“Reality does not exist by itself. It’s an intellectual construction; and photography is a tool to negotiate our idea of reality.”
– Joan Fontcuberta
– Catalan photographer/artist/writer/educator Joan Fontcuberta, as recently stated in the film made by the Hasselblad Foundation, which accompanied the announcement that he was the recipient of their 2013 International Award in Photography.
Capture is only one aspect of how an image is perceived – think of all the other variables. Somehow we are able to “get” the image despite its modification by camera noise, shine on a glossy print, monitor color calibration, viewing context, your own unique eyesight, 256 greys, ad infinitum…
Fontcuberta’s pithy observation brings into question generally-accepted industry standards of photographic excellence. Is it time for a change? Our expectations are driven by swiftly-changing criteria, culturally based. Photographers’ passionate quest for the newest capture and production technology says something about photographic values as they exist now, very different from the past.
One can’t help but wonder what’s down the road.
Photographing art works…
Even though I’m working on a lot of commercial shoots these days, I’ve set myself to concentrate on form. You might think that would be easy when it comes to photographing the new sculptural teapots by ceramist Wayne Cardinalli. The artist has done all the hard thinking, right? The truth is, the angle of view and every shift of lighting changes how the piece’s shapes are perceived. The ceramist created the 3-dimensional form; the photographer must now create a 2-dimensional expression of that form. Technical skill is required but more than that, intuition is needed – an understanding and a feel for what the form is about.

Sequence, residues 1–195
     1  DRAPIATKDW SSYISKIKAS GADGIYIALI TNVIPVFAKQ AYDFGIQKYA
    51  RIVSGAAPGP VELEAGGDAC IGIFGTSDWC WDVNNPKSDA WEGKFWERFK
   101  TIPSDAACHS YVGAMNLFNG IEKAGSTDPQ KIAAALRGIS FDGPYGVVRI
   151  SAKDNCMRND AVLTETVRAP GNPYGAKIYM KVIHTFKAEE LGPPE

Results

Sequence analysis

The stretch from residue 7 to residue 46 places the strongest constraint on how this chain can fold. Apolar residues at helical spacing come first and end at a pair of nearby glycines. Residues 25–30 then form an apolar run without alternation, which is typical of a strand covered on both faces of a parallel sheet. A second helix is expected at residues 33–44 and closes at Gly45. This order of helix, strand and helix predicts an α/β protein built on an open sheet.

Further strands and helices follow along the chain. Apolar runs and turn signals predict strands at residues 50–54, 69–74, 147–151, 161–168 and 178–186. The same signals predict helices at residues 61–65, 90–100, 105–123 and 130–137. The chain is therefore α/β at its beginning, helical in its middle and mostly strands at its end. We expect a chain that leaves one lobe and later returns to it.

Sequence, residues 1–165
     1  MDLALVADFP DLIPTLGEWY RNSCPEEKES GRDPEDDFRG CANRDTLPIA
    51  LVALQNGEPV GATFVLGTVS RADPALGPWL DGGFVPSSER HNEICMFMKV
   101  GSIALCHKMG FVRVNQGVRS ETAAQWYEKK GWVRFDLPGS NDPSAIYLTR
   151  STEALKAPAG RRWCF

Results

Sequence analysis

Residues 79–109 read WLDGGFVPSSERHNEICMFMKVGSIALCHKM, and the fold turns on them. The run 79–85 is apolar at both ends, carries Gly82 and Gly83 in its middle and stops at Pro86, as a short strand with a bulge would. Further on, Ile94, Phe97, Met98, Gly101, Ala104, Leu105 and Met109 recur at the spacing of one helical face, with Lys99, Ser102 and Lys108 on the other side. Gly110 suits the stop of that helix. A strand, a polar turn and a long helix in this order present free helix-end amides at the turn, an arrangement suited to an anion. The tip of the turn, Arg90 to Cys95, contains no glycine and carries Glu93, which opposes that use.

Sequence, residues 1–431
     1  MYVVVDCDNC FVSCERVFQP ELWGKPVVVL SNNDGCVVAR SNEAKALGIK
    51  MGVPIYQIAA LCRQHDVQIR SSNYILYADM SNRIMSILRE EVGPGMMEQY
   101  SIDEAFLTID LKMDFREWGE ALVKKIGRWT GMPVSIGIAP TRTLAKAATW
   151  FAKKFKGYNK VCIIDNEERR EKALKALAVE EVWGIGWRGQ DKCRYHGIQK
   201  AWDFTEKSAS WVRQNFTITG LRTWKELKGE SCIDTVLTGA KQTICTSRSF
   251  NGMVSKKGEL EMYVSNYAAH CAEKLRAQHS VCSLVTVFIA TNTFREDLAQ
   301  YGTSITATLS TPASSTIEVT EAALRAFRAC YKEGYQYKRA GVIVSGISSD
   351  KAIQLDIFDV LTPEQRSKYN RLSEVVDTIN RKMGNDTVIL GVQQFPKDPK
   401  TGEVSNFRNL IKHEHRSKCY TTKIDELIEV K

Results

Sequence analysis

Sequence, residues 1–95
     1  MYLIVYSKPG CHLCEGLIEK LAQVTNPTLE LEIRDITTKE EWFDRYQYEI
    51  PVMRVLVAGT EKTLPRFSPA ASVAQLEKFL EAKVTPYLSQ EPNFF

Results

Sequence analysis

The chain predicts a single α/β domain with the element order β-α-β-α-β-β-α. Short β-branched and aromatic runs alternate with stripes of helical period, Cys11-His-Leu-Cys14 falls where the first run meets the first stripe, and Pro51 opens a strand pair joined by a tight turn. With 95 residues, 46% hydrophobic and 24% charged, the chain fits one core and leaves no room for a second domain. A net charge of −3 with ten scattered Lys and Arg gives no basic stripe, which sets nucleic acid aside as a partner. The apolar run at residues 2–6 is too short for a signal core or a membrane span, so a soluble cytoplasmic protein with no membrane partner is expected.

Every now and then I reread my battered copy of Shahn’s The Shape of Content. Shahn said,
Forms in art arise from the impact of idea upon material… so that thinking and belief and attitudes may endure as actual things.
Form is the shape of content…
An artist-photographer and teacher whose career spanned the Depression and WWII eras, Shahn was considered a modernist in his own practice, yet I find that there are wise words in this book that transcend the art world’s ideological shifts. Still a good read, especially for those who like to think about the role of structure in their work.
Lately I’ve revisited my thinking a lot about form, not a unique activity for humans of course, judging from cave art and the constellations.
Emphasizing “form” over other concepts is tricky since it’s so inclusive, but it will be interesting to try in my next series of photos.
I welcome your thoughts and comments always – please do share them with me.